The following critiques express the opinions of the individual evaluators regarding the strengths, weaknesses, and value of the books they review. As such, the appraisals are subjective assessments and do not necessarily reflect the opinions of the editors or any official policy of the American Ornithologists' Union.
Stuart Houston, Tim Ball, and Mary Houston. 2003. McGill-Queen's University Press, Montreal, Canada. xviii + 332 pp., 8 color plates, 49 text figures. ISBN 0-7735-2285-9. Cloth, $49.95.—This book explores several topics that the authors discovered by delving into the archives of the Hudson's Bay Company in Winnipeg, Manitoba. The topics are as diverse as lynx cycles; climatology; Charleston, South Carolina in the eighteenth century; trade in swan skins and quills; but, more importantly, the eighteenth-century naturalists of the Hudson Bay. The book deals with a little known but extremely important development in the history of North American ornithology. As the authors point out, the Hudson Bay region of Canada in the 18th century was host to a group of remarkable naturalists who collected many of the type specimens of previously unknown North American bird species, not only from the Arctic coast, but throughout the Canadian west where their trade took them. Often with little scientific training, those men, employees of the Hudson's Bay Company, spent several years of their lives working in trading posts of northern Canada as fur traders and factors. The company encouraged scientific exploration, and specimens were sent back to Europe where they were described by leading biologists, including Linnaeus and Gmelin. Thomas Pennant, author of the 18th-century classics British Zoology and Arctic Zoology, was a scientist who collaborated with and encouraged those men.
The authors do well in highlighting the achievements of the Hudson Bay naturalists and giving us a flavor of life, not only of the desolate Hudson Bay, but also of the scientific world at the time when the North American avifauna was being discovered. The importance of people like Andrew Graham, Thomas Hutchins, and others cannot be overestimated. When I was working on Snow Geese (Chen caerulescens) at La Perouse Bay, I had many occasions to read the records of the Hudson's Bay Company and the journals of those men and to admire their powers of observation and originality. Often, as ornithologists, we satisfy ourselves with the relatively recent publications, whereas older work is shunted aside. Graham and Hutchins were the first, to my knowledge, to record the differing phase ratios of Lesser Snow Geese (C. c. caerulescens) in different parts of their range more than 200 years ago, an observation that was not repeated until the late 19th century.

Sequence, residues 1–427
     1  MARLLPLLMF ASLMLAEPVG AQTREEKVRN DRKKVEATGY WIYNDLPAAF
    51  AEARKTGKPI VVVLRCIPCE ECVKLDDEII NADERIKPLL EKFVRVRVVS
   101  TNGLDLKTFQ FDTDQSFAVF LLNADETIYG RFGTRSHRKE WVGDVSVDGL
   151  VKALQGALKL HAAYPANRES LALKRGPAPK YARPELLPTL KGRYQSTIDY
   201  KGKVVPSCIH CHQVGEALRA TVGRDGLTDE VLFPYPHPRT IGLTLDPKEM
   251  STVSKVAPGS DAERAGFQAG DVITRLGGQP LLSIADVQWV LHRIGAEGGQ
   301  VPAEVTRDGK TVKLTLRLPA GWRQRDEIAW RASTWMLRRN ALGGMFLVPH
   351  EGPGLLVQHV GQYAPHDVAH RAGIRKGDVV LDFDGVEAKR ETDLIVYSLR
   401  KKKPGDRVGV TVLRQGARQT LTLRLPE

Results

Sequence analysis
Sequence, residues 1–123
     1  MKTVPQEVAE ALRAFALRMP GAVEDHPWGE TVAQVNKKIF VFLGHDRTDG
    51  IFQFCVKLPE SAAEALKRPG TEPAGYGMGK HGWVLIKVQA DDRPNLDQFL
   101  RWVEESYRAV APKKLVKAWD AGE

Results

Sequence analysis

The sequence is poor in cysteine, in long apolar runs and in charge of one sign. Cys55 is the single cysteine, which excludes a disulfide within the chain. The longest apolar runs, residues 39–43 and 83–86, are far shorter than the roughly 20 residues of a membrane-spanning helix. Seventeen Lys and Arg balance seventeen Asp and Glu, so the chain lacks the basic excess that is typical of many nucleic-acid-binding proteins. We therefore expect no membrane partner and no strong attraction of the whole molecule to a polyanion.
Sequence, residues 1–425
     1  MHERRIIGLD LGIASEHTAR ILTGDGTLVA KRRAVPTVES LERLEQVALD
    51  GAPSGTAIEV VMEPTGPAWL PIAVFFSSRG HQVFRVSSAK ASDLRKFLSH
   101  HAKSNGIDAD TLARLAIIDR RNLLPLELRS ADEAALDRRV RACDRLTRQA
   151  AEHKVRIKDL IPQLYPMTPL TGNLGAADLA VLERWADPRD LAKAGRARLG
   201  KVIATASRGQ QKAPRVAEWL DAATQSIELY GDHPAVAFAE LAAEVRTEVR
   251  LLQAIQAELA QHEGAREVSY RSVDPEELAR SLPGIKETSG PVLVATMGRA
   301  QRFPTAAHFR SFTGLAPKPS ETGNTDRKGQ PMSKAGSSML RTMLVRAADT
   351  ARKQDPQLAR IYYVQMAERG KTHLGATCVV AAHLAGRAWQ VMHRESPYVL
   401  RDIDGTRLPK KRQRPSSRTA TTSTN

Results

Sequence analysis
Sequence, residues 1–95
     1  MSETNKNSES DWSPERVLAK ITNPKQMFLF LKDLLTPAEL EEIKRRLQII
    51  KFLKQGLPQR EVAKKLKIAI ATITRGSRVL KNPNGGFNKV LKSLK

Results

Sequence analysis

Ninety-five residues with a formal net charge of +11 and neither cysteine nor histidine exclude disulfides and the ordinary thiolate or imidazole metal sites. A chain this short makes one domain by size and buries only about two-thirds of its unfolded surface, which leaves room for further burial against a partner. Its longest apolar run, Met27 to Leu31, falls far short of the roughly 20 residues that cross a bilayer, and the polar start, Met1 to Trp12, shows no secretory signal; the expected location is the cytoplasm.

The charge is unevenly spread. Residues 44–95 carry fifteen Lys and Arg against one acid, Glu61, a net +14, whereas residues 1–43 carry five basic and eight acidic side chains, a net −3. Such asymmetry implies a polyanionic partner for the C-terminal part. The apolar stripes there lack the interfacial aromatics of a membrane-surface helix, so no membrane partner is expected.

The book represents an example of what amateur ornithologists can contribute to the field. Through their wide range of interests, Stuart and Mary Houston have combined knowledge of birds, the Arctic, medicine, and Canadian history to increase our knowledge of a fascinating period of history. For the most part, the book is a fascinating read. However, the diversity of topics makes it difficult at times to see the connectedness of the book. I found it difficult to see the relevance of the climatology chapter to the rest of the volume. That chapter starts with the dubious statement that weather is cyclical and goes on to emphasize the long-term nature of Hudson's Bay Company weather records, without actually saying anything very interesting about the records themselves. Despite that minor criticism, however, this is certainly an important book for those interested in the early development of North American ornithology.